It's difficult, at times, having to constantly invent and manage new narratives around which to craft political stories. Yesterday, Politico was busily hyping the Bloomberg-Washington Post Republican primary debate as "now or never" for Texas Gov. Rick Perry. Today, they're saying Perry eschewed "a debate knock-out" and instead used it as "a pivot point" to move into the policy arena. New day, new narrative.
And their story this morning on Michele Bachmann's debate performance stands out as a fine example of narrative generation at the expense of factual considerations:
The Michele Bachmann conservatives fell in love with during the campaign's early debates returned Tuesday night.
Bachmann, whose campaign has suffered a series of unforced errors and clunky debate performances since she won the Ames straw poll in August, delivered a solid performance at the Washington Post/Bloomberg forum, striking her campaign themes while discussing complex economic issues without a stumble.
She gave serious answers -- with the exception of a lighthearted joke comparing Herman Cain's 9-9-9 tax plan to a sign of the devil -- and didn't whiff when Mitt Romney lobbed her a gift softball question.
Politico saw a "solid performance," flawless discussion of "complex economic issues," and "serious answers" with no "stumbles" from the Minnesota Republican. Let's take a specific look at what they found so impressive, and contrast it with what others in the fact-checking community thought.
Bachmann trained her signature shot at her chief economic boogeyman, the Dodd-Frank Wall Street reform legislation, and, in so doing, blamed the federal government for the recession.
"I think if you look at the problem with the economic meltdown, you can trace it right back to the federal government, because it was the federal government that demanded that banks and mortgage companies lower platinum-level lending standards to new lows," she said.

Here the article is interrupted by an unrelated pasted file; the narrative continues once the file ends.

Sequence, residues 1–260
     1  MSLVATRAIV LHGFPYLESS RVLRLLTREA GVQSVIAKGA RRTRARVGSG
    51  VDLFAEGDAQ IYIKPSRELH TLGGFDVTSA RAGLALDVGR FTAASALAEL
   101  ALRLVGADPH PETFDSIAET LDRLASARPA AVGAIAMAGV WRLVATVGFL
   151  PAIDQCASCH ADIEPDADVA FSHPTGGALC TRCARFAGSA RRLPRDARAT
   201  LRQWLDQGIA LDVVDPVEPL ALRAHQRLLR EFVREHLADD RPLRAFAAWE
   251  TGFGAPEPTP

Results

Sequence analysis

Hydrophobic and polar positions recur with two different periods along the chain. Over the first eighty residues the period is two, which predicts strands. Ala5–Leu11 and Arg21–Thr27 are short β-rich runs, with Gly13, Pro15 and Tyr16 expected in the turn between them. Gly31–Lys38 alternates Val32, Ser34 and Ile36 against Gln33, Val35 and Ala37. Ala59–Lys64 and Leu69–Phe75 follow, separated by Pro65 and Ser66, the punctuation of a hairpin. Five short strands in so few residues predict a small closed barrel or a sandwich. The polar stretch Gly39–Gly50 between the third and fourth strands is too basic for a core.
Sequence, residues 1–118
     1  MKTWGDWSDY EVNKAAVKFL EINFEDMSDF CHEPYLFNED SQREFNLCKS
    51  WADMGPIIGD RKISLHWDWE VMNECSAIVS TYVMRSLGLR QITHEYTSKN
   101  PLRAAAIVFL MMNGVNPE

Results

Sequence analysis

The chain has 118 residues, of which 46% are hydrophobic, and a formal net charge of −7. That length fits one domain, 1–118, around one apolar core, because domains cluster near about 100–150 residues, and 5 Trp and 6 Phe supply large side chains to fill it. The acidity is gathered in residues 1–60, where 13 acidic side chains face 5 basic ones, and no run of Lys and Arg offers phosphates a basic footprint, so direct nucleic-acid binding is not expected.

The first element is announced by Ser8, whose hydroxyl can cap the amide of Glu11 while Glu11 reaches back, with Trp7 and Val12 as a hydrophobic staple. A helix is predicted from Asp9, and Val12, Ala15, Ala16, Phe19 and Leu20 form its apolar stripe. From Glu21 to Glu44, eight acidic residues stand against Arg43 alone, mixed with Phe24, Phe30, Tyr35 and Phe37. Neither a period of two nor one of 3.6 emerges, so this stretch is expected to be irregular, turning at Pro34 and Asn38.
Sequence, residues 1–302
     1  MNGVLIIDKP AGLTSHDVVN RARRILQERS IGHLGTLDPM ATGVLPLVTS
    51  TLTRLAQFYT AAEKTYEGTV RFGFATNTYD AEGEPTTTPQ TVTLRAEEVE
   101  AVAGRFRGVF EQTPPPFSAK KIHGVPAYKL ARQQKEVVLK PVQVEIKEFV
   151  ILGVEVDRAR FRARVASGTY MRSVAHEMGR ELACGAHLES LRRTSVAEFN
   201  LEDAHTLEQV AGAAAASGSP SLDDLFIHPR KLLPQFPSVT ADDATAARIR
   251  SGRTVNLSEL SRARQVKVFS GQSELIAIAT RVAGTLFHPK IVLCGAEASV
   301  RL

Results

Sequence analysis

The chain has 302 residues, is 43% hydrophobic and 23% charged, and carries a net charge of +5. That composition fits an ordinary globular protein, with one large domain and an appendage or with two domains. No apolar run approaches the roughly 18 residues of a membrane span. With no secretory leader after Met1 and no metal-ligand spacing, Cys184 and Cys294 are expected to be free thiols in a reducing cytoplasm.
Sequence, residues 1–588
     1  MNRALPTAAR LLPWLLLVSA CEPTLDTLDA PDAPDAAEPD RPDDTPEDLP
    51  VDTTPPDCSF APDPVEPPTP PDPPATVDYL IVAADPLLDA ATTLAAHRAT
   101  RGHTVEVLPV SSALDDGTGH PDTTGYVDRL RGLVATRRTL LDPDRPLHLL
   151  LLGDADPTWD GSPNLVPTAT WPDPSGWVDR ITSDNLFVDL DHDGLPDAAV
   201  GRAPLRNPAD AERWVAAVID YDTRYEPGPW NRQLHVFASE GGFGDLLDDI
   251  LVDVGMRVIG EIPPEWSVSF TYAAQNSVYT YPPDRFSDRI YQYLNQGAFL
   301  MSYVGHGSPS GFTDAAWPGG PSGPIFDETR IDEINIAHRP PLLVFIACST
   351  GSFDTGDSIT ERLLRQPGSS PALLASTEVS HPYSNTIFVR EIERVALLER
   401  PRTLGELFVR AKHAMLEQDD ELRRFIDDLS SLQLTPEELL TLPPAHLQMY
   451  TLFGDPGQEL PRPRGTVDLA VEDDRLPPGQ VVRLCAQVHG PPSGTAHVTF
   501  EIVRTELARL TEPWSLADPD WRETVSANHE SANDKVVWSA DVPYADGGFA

It might be argued that the government pursued policies under both Democratic and Republican presidents to promote home ownership, such as setting up mortgage giants Fannie Mae and Freddie Mac to make more affordable mortgages possible, and the tax deduction for home mortgages. But it's a stretch to suggest that federal regulators forced banks to make mortgage loans to people who could not afford them. And neither Bachmann nor most other Republican presidential contenders are calling for a repeal of the home-mortgage deduction.
Bachmann also played up her fight against the debt ceiling increase -- a battle she highlighted with great success before the Ames straw poll -- and the bailouts of Wall Street and the automobile industry.
"Last summer I was a leading voice in the wilderness of Washington and a lone voice, as a matter of fact, saying: 'Do not increase the debt ceiling,'" she said. "By that, what I was saying is, 'Let's not give Barack Obama another $2.4 trillion blank check to spend.'"
It's hard to know where to start with Michele Bachmann's characterization of the problems with the federal budget.
Let's start with the debt-limit deal. Congress approved an increase in the debt limit to pay bills already incurred by Congress. It does not give Obama new authority to spend more money. It just lets the federal government continue sending out Social Security checks, feeding soldiers in the field and paying doctors who see Medicare patients. And guess what?
Even if Obama wins not a dime of additional spending, Congress will have to raise the debt ceiling again in early 2013. Even the House Republican budget, an austere document drafted by House Budget Committee Chairman Paul Ryan (R-Wisc.), calls for nearly $2 trillion in additional borrowing by the end of next year.
There are plenty of other examples that Politico didn't touch, like Bachmann's claim that the 1977 Community Reinvestment Act is to blame for the mortgage crisis (which the Post called "roundly discredited"), or her assertion that a 15-person person panel of bureaucrats is going to "make all the major health care decisions" for the American people (rated "False" by Politifact).
But Politico was right that Bachmann did not "whiff" on Romney's "softball" question. Though there's something else to be said about holding candidates to such perilously low standards of competence.